Brew Review

Reissdorf Kolsch Is The Perfect Beer For Summer

The Beer: Reissdorf Kolsch
The Brewery: Reissdorf Brauerei, Koln, Germany
The Stats: 4.8% ABV, approximately 25 IBU

The History: Back in 1986, 24 of the main brewers of kolsch in Koln, Germany, enacted a proclamation known as the Kolsch Konvention, which decrees that only beers produced within the city limits can officially use the name "kolsch." Any beer mimicking the style outside of Koln should be referred to as a "kolsch-style" beer. The city of Koln, known as "Cologne" to Americans, is located in the central-west part of Germany along the Rhine River. And the water used to produce the beer gives kolsch the classic mineral-y character that separates the style from other light pilsner, malt-based beers.

Simple and refreshing, kolsch is neither sweet nor bitter. It's the every day beer for the people of Koln and it is meant to be consumed in quantity. The official glassware for kolsch is the Stange,which is specifically designed for this beer style. A traditional Stange is a tall, thin and very light 200 mL glass that showcases the brilliant clarity of the beer and helps sustain the beer's long lasting white head.

Known as a "hybrid style," kolsch has characteristics of both an ale and a lager. The beer is fermented on the cool side of the ale fermentation scale, around 60 degrees, then it's lagered (or stored) at near freezing temperatures for at least a month to develop its character and signature brilliant clarity.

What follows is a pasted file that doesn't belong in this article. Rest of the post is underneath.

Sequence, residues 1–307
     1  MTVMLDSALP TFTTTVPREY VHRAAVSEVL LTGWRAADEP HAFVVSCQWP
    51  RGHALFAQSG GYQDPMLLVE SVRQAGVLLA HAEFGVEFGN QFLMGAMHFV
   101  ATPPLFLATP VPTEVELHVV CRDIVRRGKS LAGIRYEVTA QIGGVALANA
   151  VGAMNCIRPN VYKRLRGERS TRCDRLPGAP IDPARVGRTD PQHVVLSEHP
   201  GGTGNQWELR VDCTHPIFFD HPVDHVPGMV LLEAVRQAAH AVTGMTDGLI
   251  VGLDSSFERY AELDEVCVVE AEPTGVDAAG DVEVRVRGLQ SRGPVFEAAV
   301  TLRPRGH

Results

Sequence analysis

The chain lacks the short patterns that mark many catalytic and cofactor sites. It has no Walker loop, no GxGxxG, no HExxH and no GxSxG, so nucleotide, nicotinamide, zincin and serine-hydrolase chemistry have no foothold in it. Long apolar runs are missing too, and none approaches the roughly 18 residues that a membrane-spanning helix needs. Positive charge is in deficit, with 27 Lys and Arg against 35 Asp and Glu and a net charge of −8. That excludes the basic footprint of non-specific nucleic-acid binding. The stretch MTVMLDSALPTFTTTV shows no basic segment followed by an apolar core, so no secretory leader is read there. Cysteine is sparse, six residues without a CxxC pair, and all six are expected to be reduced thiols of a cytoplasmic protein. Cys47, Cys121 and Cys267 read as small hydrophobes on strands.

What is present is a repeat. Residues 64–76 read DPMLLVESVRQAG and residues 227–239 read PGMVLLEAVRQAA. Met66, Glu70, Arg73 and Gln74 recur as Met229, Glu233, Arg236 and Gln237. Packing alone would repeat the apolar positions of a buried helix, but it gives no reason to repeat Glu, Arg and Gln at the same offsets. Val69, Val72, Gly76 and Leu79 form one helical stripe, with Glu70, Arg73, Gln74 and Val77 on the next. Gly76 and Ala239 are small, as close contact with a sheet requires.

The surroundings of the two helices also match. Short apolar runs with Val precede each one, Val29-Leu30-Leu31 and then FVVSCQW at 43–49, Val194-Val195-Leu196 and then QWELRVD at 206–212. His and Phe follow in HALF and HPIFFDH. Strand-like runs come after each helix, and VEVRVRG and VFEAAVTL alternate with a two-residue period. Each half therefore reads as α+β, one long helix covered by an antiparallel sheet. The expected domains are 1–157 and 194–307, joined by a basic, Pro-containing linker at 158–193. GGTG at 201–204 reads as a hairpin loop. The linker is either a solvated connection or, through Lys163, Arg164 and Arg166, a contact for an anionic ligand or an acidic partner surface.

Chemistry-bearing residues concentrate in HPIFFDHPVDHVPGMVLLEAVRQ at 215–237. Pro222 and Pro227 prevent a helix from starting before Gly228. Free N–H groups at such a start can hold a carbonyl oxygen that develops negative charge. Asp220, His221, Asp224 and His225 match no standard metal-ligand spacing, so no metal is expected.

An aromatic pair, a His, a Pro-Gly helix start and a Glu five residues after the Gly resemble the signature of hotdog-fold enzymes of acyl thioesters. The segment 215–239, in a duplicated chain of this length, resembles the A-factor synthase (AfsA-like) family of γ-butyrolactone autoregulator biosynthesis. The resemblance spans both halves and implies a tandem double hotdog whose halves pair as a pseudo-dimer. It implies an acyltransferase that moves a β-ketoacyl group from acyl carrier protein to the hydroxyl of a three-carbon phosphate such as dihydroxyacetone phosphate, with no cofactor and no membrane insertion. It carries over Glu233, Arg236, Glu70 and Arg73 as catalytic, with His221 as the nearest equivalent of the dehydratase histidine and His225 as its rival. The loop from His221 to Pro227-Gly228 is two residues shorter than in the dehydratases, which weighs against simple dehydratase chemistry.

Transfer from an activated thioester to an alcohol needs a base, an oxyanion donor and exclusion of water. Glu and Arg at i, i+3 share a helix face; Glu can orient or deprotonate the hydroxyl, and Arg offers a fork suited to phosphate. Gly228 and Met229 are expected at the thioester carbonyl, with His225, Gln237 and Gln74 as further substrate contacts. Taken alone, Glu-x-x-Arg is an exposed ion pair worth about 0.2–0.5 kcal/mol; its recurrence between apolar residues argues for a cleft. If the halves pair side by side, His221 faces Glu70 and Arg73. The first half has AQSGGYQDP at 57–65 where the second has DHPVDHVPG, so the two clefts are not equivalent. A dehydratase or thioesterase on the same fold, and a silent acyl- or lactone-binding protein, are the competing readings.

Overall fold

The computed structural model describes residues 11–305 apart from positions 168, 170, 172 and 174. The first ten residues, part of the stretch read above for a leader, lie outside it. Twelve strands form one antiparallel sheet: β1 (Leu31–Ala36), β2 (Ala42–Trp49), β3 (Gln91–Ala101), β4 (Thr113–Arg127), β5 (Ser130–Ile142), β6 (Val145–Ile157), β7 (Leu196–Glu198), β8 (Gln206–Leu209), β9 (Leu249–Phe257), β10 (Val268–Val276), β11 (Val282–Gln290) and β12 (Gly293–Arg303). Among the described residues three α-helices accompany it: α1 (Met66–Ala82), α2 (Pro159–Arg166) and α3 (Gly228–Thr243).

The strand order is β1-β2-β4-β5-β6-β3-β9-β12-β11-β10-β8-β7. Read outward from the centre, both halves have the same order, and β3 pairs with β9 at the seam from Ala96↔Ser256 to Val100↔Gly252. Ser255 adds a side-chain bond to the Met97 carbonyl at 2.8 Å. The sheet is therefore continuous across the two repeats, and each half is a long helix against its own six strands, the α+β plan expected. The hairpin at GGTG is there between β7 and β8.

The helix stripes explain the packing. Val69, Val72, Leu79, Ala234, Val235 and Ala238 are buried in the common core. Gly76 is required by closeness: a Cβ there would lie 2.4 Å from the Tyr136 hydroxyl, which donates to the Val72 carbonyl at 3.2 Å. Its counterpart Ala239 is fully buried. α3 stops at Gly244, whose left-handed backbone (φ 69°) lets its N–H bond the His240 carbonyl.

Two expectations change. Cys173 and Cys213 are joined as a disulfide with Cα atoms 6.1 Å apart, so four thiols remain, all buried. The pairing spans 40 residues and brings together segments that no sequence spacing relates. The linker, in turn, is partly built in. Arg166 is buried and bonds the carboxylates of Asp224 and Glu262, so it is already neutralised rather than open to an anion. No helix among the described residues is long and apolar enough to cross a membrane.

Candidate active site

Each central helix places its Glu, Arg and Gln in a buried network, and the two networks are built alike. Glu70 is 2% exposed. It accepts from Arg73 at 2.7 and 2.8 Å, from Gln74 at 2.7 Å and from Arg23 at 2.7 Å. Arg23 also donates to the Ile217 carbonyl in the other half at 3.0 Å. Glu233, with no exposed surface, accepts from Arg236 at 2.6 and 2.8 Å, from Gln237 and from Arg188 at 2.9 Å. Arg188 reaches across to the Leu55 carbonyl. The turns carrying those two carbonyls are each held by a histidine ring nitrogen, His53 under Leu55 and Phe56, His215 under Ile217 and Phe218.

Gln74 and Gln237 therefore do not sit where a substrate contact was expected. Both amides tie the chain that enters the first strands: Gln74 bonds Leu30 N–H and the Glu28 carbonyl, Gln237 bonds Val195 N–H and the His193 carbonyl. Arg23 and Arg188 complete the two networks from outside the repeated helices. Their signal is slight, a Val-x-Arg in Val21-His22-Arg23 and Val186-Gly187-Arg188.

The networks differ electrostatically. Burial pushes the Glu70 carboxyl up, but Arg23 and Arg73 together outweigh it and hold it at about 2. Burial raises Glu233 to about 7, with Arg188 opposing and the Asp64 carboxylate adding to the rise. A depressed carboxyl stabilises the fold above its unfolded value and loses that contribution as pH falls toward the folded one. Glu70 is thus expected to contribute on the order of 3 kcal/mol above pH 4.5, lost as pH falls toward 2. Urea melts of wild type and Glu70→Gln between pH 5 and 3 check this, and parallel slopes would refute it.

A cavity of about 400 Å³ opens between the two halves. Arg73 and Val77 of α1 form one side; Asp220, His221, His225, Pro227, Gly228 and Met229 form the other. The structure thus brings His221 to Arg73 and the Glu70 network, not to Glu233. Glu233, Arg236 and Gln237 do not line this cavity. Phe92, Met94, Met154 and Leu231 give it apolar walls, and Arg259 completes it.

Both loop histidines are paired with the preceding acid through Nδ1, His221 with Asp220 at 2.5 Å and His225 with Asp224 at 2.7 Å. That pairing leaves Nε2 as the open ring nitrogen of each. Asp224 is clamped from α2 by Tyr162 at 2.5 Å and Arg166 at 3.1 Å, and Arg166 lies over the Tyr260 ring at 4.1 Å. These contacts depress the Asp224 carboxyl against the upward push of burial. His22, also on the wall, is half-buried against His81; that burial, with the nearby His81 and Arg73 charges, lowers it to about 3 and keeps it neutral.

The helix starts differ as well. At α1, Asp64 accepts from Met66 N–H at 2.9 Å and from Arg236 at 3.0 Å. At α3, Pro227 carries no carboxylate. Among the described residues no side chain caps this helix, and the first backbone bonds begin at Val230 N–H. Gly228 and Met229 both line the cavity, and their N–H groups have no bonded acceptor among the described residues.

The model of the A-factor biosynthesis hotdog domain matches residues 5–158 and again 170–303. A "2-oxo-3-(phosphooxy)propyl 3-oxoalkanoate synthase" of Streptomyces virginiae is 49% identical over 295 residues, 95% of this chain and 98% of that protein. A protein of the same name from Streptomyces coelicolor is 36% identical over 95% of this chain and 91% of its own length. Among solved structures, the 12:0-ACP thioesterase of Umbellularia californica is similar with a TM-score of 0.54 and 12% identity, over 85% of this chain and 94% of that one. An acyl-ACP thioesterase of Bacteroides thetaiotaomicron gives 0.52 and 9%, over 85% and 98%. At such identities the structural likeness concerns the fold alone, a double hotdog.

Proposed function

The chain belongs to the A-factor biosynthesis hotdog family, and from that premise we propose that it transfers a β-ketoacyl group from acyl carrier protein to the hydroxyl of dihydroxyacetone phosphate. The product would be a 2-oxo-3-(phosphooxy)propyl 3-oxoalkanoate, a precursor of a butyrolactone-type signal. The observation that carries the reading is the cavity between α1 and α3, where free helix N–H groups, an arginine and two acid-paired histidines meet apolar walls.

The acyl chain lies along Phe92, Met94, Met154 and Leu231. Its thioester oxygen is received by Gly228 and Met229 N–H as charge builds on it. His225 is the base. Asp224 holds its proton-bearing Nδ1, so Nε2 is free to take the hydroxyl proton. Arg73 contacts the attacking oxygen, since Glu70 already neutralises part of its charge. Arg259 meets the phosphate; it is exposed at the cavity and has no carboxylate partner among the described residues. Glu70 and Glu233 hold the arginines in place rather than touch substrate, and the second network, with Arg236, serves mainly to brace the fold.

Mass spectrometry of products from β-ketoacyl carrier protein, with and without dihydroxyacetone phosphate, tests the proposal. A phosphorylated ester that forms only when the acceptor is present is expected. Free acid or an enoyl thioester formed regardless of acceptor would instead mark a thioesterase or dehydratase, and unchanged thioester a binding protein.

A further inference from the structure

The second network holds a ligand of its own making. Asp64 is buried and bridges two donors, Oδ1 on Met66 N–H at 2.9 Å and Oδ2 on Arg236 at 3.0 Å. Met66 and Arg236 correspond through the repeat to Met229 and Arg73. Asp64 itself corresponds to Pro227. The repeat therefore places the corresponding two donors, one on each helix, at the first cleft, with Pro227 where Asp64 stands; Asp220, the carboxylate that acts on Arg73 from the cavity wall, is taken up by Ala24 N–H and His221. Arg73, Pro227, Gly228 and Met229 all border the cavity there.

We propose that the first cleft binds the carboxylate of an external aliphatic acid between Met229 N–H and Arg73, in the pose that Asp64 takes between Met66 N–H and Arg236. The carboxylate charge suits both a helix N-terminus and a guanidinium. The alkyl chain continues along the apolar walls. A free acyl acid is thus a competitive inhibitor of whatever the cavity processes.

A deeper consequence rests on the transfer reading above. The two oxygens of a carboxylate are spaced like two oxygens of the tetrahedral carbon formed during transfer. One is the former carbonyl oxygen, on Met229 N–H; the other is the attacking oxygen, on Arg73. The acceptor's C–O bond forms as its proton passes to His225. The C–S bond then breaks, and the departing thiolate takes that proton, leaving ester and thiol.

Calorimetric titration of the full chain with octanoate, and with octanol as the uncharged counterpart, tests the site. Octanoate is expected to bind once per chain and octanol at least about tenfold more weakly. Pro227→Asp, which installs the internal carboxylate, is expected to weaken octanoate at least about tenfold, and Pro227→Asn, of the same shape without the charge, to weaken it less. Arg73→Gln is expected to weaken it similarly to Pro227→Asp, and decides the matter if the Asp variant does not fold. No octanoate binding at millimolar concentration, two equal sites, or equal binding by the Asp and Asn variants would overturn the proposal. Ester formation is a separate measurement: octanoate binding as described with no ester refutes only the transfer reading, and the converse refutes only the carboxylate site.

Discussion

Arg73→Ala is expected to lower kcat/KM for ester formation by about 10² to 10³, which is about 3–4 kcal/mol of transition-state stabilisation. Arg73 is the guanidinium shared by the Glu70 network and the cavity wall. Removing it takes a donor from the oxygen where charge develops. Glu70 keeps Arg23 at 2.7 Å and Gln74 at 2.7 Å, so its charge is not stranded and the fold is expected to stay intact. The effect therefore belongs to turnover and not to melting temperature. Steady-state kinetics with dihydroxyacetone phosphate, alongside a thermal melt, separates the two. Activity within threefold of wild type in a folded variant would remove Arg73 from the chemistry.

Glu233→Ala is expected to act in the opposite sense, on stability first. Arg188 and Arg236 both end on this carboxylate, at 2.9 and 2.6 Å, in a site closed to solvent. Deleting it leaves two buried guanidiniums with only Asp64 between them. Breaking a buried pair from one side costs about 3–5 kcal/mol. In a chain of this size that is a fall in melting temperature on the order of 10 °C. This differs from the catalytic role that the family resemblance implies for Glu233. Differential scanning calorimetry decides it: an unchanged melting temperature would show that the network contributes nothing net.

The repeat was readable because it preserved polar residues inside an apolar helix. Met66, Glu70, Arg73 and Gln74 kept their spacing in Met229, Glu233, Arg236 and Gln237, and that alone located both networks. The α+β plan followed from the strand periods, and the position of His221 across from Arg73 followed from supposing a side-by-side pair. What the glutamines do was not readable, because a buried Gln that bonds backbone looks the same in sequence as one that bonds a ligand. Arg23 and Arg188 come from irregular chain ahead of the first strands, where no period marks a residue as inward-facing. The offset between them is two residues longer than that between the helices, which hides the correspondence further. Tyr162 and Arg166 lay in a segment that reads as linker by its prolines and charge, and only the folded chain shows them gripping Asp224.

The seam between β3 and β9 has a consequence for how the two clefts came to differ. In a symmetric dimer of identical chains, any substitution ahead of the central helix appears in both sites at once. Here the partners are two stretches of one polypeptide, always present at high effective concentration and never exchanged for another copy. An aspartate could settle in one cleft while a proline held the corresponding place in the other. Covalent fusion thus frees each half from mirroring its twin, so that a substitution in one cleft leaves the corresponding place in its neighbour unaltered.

Attributes: Reissdorf Kolsch is a simple beer made mainly of German pilsner malt, Spalt noble hops, kolsch yeast, and water from the Rhine River. The beer drinks delicately and goes down easily. Since hops are meant only to balance the malt sweetness and not to be showcased on their own, there's neither a perceptible hop flavor or aroma though moderate hop bitterness presides. The beer pours brilliant gold with an everlasting head of small, compact white bubbles that are frothy like puffed marshmallow.

The water of Koln, Germany plays an integral role in the end result beer. Interacting with the beer's ingredients, the water gives a soft, slightly mineral character that provides some counterpoint to the pilsner malt sweetness. It's the region's water (and fine Germanic brewing, of course) that produces the distinct difference between authentic German brewed versions and kolsch-style representations.

Though you'll typically only find Reissdorf Kolsch on draft at German-themed restaurants or craft beer bars, it's readily available in bottles at most fine craft beer stores around town. This one was purchased at Total Wine Gilbert. The key to enjoying the beer is to be sure you get a fresh bottle. Reissdorf, like any kolsch, is a delicate beer that's sensitive to the environment. An aged kolsch will leave you very disappointed, while a fresh kolsch served in a proper Stange glass served at about 40-45 degrees is one of life's greatest pleasures. 
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Dave is a certified cicerone and former professional brewer. When he's not doing something beer-related, Dave enjoys writing, listening to, and performing music, hiking, skiing, and watching baseball.
Contact: Dave Clark